Gary H. Stern, the co-author of “Too Big to Fail: The Hazards of Bank Bailouts,” said policy makers largely ignored the warnings contained in the title when the Brookings Institution published the book in 2004.That seems important to me. There is no good reason for implicit or explicit insurance of any bank liability holders other than small depositors. Taking away the implicit insurance can only help the moral hazard problem.
Mr. Stern, who retired last year as president of the Minneapolis Fed, is lukewarm about the bill. “It tries to address the problem but it’s half a loaf at best,” he said. “It doesn’t address the incentives that gave rise to the problems in the first place.”
In Mr. Stern’s view, ending “Too Big to Fail” should subject uninsured creditors — bondholders — to losses if the bank fails. Without that fear, he said, unsecured creditors will not exert discipline on the banks by monitoring their risk-taking and pricing their loans appropriately. Mr. Stern said the bill in the Senate is vague about how such creditors would be treated if the government were to seize and dismantle a failing bank.
One commenter yesterday made an important point about Greece. I think the underlying principle is that monetary policy, fiscal policy, and financial regulation are inextricably linked. I'm wondering if the EU is not doomed to fail given how it was set up. How can one have a monetary union without somehow linking the fiscal authorities of the members with the central bank? The simplest solution in the current context would seem to be that, if the other EU members want to keep Greece in the club, the ECB should just take on more of its debt. It can sterilize by selling some other assets. My guess is that the rules the ECB operates under do not allow it to do this. Maybe someone can fill me in on what the rules are. What exactly is on the ECB balance sheet?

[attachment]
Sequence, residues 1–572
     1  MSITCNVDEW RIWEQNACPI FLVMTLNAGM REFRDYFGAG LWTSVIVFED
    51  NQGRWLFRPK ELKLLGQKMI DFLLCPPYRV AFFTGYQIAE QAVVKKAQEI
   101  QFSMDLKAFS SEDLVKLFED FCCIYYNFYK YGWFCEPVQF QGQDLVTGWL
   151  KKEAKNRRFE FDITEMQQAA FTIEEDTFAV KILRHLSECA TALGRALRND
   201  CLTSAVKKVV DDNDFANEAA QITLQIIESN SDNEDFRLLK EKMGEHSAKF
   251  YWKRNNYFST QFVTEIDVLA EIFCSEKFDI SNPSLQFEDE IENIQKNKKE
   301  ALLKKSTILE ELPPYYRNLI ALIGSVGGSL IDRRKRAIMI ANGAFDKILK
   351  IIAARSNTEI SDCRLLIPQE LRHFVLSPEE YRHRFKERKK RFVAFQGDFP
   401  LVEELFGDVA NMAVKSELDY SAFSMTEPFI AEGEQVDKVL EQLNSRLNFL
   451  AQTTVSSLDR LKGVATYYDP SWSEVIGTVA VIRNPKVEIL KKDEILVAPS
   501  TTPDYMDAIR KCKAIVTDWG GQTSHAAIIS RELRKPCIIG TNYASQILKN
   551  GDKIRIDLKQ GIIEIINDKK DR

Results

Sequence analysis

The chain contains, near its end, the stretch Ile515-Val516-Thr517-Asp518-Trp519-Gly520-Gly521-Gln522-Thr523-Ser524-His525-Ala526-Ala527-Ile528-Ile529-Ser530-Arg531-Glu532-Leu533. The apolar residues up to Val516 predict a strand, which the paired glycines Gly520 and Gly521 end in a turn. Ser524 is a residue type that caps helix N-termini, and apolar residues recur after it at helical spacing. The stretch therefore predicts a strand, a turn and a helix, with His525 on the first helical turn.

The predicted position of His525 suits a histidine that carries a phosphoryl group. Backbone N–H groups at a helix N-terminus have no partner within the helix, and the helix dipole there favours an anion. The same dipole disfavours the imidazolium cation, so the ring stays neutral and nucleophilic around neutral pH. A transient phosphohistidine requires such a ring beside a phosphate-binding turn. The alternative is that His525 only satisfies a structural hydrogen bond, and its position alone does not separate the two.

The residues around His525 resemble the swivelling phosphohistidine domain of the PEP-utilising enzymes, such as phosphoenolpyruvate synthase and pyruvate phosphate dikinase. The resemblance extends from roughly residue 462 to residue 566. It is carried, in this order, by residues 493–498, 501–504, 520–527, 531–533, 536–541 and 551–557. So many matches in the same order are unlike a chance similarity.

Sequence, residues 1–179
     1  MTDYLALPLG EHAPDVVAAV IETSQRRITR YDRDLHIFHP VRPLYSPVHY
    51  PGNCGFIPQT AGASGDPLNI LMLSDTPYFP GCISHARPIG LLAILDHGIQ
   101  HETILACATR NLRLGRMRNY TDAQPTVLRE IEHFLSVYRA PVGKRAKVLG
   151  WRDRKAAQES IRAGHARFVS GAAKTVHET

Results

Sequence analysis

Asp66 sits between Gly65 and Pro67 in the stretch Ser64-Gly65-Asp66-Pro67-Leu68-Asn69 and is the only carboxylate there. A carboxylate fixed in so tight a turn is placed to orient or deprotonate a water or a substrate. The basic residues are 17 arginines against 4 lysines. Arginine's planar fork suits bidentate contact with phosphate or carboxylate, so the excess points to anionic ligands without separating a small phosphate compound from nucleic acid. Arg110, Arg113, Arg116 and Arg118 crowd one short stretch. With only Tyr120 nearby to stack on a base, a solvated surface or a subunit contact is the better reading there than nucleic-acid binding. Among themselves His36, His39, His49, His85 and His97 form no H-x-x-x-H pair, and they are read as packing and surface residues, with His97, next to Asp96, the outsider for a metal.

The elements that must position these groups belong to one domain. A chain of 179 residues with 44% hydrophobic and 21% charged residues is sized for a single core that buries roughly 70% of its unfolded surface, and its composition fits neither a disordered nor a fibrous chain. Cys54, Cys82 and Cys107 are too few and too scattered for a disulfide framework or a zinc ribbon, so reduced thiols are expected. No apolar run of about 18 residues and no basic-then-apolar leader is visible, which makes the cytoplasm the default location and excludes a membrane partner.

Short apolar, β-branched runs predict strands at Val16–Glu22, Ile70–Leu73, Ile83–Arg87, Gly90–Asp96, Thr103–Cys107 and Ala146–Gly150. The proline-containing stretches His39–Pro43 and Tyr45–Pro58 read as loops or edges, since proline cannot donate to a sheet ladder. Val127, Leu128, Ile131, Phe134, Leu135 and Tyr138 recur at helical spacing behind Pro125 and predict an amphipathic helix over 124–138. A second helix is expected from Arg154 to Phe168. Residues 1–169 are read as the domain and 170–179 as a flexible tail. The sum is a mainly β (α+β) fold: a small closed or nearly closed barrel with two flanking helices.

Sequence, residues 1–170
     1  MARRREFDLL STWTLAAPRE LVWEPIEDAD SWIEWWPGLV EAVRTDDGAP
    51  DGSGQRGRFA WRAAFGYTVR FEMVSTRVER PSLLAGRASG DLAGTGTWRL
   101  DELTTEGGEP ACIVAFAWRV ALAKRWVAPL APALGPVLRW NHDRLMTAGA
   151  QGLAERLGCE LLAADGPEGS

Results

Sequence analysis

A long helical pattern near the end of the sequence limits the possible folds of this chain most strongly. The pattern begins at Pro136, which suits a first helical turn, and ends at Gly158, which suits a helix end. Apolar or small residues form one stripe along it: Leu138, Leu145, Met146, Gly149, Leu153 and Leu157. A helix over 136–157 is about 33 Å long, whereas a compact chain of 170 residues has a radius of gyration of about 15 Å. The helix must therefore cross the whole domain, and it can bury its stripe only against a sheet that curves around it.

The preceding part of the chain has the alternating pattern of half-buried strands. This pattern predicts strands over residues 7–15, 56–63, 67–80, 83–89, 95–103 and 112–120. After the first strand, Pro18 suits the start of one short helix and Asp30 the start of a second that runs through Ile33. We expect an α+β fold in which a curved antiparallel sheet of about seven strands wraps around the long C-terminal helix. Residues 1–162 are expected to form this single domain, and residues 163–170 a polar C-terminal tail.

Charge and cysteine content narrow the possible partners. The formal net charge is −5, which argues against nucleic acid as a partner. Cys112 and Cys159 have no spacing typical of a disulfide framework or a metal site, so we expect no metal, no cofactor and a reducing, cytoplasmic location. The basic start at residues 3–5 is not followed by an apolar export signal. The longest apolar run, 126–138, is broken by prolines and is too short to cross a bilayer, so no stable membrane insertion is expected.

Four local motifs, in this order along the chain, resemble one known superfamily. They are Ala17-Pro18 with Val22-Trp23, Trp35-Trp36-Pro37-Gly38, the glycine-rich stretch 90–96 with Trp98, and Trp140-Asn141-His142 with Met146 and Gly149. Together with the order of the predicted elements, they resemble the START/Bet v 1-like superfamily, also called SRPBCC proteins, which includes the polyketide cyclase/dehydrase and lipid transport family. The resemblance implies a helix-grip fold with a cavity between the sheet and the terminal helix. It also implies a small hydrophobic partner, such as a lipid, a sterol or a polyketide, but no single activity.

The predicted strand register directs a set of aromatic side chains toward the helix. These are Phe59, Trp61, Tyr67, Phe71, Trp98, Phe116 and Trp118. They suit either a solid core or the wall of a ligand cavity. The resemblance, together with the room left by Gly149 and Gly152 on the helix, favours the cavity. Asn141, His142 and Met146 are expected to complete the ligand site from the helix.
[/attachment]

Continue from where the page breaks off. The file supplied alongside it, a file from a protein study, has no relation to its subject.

One last point. I'm beginning to think that the following might be an optimal arrangement. Why not have a setup where the central bank is the sole regulatory authority, with all large financial institutions having reserve accounts and access to the central bank's lending facility? The central bank would have authority to regulate financial institution risk, and the power to take over any institution and resolve it, if it deems it insolvent. Also: no deposit insurance.